Water, flooding and water security is the most pressing and important issue human beings face  – Nyikina Warrwa Martuwarra guardian Professor Anne Poelina  and poet Nandi Chinna present their new poetry collection

As Australia’s last great unregulated waterway, the Martuwarra Fitzroy River represents potential untapped revenue for government, farmers and industry. It has both Western Australian Aboriginal Cultural and National Heritage listings – and is a venerated Living Ancestor who must be protected.

Tossed Up By the Beak of a Cormorant: Poems of Martuwarra Fitzroy River is an urgent and stunning collaboration between poet Nandi Chinna and Nyikina Warrwa Martuwarra guardian Professor Anne Poelina exploring the beauty and complexity of the Kimberley region in Western Australia and the importance of connection to land and place. Publisher and editor Georgia Richter asked the creators to tell us more about their dialogue, their work and their relationship to Martuwarra River Country.

Nandi, what did you learn from your practice of active relationship the river?

I have learned so many things from my practice of active relationship with the river. Hopefully a lot of this is articulated in my poetry. But if I have to name it here, I suppose some of the important things I have learnt would be listening, being quiet and listening to the voices of Martuwarra water and the beings that live in her, and along her banks. I have learned a quietness and a stillness from the practice of deep listening, filling my mind with the sounds, voices and encounters that are immediate and alive when I’m in the presence of the river. Every sentient being has something to teach us, and we also learn from the rocks and the layers of history embedded in them. Listening to the people of the river whose culture is so totally and deeply entwined with the river’s life offers a rich and profound understanding of how important this place is as a living ancestor.

Anne, why it is important to you to share your knowledge with others?

It is important to share my knowledge with others, particularly incorporating poetry as artistic ways to bring you with us to share the magic, the living spirit of this place. Martuwarra is one of the world’s last remaining globally intact Rivers and it is very much at the crossroads of invasive unjust development.  The knowledge making and sharing is about sustaining our lifeways and livelihoods, so Martuwarra, can continue to live and flow.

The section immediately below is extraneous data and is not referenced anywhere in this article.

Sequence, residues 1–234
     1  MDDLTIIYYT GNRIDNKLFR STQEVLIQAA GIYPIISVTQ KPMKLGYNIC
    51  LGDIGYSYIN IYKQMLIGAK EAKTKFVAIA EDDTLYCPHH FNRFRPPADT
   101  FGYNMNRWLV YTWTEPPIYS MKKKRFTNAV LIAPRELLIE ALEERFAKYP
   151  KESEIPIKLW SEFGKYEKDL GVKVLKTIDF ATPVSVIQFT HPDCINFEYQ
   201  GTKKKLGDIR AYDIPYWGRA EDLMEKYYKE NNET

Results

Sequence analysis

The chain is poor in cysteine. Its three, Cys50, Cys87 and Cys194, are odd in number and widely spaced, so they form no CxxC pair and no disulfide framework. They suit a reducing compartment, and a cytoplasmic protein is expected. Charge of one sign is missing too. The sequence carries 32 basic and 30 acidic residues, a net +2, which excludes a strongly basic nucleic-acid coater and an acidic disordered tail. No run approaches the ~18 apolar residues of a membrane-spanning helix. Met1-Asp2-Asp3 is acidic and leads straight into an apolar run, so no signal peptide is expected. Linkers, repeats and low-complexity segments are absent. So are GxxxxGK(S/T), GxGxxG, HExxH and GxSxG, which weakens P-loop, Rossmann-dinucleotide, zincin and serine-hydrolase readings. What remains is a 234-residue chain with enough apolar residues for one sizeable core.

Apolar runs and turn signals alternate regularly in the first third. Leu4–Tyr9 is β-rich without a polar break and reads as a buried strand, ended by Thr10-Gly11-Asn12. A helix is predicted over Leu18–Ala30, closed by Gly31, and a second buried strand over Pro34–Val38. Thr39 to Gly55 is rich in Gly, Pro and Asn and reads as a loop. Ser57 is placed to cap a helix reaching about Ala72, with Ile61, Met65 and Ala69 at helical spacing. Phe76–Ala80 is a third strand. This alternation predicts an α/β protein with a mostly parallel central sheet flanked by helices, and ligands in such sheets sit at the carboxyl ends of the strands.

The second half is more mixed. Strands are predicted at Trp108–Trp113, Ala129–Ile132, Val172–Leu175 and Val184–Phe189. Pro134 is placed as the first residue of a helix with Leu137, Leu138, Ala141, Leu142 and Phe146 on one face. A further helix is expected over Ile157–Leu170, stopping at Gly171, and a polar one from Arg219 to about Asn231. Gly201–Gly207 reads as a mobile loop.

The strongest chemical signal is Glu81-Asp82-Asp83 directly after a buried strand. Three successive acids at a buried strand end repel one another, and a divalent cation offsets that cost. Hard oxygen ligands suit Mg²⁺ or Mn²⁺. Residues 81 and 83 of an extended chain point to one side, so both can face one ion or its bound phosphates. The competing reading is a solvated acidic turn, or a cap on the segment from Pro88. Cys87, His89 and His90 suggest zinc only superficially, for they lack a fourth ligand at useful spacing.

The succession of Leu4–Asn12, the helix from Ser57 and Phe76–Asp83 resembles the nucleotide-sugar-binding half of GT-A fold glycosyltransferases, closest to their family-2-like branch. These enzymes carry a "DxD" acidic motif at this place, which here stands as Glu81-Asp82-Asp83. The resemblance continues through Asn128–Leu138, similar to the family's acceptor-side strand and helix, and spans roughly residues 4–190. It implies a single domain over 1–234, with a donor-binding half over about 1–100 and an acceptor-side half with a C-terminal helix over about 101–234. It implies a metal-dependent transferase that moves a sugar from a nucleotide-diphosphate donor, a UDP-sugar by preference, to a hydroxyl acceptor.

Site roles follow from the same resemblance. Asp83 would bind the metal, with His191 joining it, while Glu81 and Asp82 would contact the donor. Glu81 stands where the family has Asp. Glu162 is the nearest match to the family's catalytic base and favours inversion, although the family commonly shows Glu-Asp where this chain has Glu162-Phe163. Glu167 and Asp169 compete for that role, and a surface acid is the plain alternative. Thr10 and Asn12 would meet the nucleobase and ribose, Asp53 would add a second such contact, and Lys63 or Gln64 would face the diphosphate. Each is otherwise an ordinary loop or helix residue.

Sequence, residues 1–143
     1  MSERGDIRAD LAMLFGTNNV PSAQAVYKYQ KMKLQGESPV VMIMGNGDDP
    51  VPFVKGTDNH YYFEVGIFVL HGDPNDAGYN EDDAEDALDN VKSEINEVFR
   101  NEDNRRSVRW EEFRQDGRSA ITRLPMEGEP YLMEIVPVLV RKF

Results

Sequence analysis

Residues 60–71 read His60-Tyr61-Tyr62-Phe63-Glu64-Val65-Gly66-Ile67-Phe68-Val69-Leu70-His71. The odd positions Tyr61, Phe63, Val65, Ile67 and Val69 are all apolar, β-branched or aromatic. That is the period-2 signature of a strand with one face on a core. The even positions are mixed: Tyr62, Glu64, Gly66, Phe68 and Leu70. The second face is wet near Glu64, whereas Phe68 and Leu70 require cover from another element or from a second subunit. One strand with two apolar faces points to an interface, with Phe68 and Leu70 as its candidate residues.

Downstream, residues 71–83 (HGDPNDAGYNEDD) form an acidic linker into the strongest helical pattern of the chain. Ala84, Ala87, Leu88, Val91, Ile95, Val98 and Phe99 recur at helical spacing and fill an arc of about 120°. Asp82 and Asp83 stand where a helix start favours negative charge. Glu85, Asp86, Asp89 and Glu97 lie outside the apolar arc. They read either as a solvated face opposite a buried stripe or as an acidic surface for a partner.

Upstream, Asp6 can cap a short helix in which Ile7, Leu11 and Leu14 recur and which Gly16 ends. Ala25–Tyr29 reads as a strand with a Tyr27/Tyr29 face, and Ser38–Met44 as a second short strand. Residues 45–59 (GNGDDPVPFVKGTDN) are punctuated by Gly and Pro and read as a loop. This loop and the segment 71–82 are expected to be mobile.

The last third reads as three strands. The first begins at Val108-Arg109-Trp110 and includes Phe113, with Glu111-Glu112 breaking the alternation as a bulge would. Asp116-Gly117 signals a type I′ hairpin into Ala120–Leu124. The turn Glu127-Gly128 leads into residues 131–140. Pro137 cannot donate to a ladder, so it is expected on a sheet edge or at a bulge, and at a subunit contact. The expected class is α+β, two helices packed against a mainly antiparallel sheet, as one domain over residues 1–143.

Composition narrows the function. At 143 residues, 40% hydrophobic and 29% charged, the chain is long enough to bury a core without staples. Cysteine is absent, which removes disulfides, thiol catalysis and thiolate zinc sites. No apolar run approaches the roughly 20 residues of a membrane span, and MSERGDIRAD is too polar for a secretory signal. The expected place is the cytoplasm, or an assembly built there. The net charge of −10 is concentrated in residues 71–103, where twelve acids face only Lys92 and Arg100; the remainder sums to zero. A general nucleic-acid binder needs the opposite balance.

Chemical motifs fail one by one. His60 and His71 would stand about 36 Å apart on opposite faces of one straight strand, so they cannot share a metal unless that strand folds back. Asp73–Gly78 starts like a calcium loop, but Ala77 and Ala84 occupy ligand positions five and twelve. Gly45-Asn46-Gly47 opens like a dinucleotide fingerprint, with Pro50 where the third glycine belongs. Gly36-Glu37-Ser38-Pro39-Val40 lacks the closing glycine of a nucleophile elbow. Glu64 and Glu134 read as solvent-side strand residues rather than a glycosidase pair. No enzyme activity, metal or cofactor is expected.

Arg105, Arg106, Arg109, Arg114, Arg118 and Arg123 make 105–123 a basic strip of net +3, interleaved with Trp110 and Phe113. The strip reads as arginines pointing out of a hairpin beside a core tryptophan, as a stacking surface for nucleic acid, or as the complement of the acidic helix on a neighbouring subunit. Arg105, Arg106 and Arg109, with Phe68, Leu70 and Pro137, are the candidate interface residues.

Nandi, do you think non-Indigenous writers in Australia have a responsibility to the way they inhabit place?

Everyone is entitled to their own opinion, but for me as a writer from a settler background, I feel I have a responsibility to ask for guidance and for permission if I want to write about Aboriginal places, which is the whole of Australia. If I don’t engage with Traditional Custodians, it would be kind of like a writer walking into my house and settling down to write a detailed and intimate story or poem about me and my house without even knocking at the door, or asking if it was okay to do so. It’s not as simple as that, of course, but I believe a working-with methodology is a way of showing respect for First Nations, and acknowledging that your art practice is taking place on their Country, which was never ceded but stolen.

Anne, what can people from beyond Fitzroy Martuwarra do to help save the river?

Firstly, to understand that Martuwarra is globally unique, its diverse cultures and valley tracks and living waters, will see the River listed as the first in the world as a ‘Living Water Museum’. We are populating the website www.martuwarra.org with an interactive map, showcasing world culture and heritage and the guardians, to both Indigenous and non-Indigenous Australians who have come to feel and hear the River Country. We are creating the Martuwarra Walking Track to share with visitors from far and wide. Check out the website and get to know this special place where we share our poems with people and places.

Tossed up by the Beak of a Cormorant: Poems of Martuwarra Fitzroy River is available in all good bookstores and online.

Books discussed
Swamp: Walking the Wetlands of the Swan Coastal Plain
The Future Keepers

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